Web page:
Conference Report - Victim Services
- Language: what terms do we use? In what ways are these inconsistent or consistent among practitioners and researchers? Further, are these social problems framed in ways that can be understood by policy-makers, juries, prosecutors, etc.?
- To what existing research projects, in-take forms, databases could researchers add a few questions (e.g., pharmacists)?
Areas for study:
- Investigate problems affecting specific populations, i.e. women living rural communities, women in prison, nursing homes.
- Document incidence of stalking, elder abuse, human trafficking in Maine.
- Examine differences in rape prevalence relating to age, gender, and race/ethnicity, as well as other factors such as whether victims were first raped as minors.
- Elder Abuse:
- Investigate (aging) perpetrators still offending when in nursing home.
- Incidence of victimization in nursing homes (chart reviews), both by peers, family, and personnel.
- Identify prevalence of relationship abuse (sexual assault, domestic violence, stalking) among children in group home settings.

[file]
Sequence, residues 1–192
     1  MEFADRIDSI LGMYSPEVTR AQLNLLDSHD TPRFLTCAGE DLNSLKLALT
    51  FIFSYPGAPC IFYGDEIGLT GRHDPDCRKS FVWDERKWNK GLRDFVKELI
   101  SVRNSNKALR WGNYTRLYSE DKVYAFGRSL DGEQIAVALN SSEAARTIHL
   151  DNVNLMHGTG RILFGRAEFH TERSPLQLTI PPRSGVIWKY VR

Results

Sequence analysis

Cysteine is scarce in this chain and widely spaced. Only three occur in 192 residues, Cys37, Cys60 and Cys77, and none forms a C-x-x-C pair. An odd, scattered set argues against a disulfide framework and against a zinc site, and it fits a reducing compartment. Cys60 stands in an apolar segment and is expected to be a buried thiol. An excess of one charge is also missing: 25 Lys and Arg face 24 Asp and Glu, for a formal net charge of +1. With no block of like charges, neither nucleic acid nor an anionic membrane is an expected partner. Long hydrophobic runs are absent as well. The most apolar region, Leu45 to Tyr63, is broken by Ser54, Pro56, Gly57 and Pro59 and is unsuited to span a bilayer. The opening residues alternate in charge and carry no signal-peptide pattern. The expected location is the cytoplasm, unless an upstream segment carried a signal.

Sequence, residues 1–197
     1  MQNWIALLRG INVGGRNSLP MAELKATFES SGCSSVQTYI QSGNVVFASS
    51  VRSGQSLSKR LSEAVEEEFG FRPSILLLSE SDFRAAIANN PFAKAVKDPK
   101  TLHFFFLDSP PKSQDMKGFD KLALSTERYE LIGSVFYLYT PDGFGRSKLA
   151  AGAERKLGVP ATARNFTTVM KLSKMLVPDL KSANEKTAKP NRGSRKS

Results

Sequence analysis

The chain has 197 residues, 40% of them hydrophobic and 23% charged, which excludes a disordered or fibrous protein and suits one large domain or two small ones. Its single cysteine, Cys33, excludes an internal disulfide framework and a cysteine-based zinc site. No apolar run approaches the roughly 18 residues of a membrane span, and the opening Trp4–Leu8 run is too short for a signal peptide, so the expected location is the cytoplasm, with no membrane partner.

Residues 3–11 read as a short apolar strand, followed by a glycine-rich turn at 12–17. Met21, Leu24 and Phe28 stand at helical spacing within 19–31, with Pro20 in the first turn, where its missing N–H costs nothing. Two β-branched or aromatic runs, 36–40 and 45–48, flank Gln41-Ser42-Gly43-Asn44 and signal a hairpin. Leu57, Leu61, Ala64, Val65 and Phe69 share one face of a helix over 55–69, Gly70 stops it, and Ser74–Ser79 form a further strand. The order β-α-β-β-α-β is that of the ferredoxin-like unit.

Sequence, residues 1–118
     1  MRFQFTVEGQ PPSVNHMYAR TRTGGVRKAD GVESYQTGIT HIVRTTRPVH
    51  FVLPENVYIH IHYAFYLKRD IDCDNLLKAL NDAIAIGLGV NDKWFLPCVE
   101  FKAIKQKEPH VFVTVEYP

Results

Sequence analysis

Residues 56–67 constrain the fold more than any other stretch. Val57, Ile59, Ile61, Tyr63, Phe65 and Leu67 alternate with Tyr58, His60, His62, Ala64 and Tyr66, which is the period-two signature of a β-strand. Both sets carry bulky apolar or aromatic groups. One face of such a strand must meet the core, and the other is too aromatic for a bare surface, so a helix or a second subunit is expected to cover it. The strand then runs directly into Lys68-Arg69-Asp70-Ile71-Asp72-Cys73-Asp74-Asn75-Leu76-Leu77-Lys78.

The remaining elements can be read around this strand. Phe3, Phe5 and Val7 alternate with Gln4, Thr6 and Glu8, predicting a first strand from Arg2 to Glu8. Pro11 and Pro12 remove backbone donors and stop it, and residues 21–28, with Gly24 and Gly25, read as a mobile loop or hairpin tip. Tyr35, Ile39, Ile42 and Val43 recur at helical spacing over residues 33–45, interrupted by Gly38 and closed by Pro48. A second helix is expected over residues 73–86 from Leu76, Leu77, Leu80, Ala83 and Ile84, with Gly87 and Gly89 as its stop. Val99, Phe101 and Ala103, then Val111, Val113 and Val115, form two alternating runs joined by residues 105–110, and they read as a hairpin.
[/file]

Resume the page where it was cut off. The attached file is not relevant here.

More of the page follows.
- Identify the prevalence of abuse among teenage parents.
- Prevalence of victim services, particularly in rural areas.
- Identification of creative strategies and best practices for providing services, particularly for special populations (e.g., rural, elderly).
- Evaluate hospital response to victims.
- Evaluate training for medical/nursing staff.
- Assess faith-based communities response.
- Investigate the intersection of victim services with child services: what are the problems, challenges, successes; what are recommendations for improvements?
- Case review and tracking (dismissed, plea bargains, prosecution) for sexual assault, domestic violence, and stalking.
- Factors that impact jurors’ perceptions and decisions.
- Investigate qualifications of expert witnesses.
- Evaluate effectiveness of probation officers’ approaches with DV cases.
- Impact of batterers’ release on probation on victim (and community).
- Phenomenological study of life with an abuser, impact on children, victim’s parenting choices.
- Impact of the lifetime experience of sexual and physical abuse on women’s economic situation (including dependency on welfare).
- What factors contribute to reporting?
- Women’s stay/leave decision-making process and experiences reuniting with batterer (see Mouradian, 2004).
- Relationship abuse (sexual assault, domestic violence, and stalking) and the workplace.
Mouradian, V.E. (2004). Battered women: What goes into the stay-leave decision? Research & Action Report. Retrieved March 15, 2006 from http://www.wcwonline.org/p-comm-abuse.html.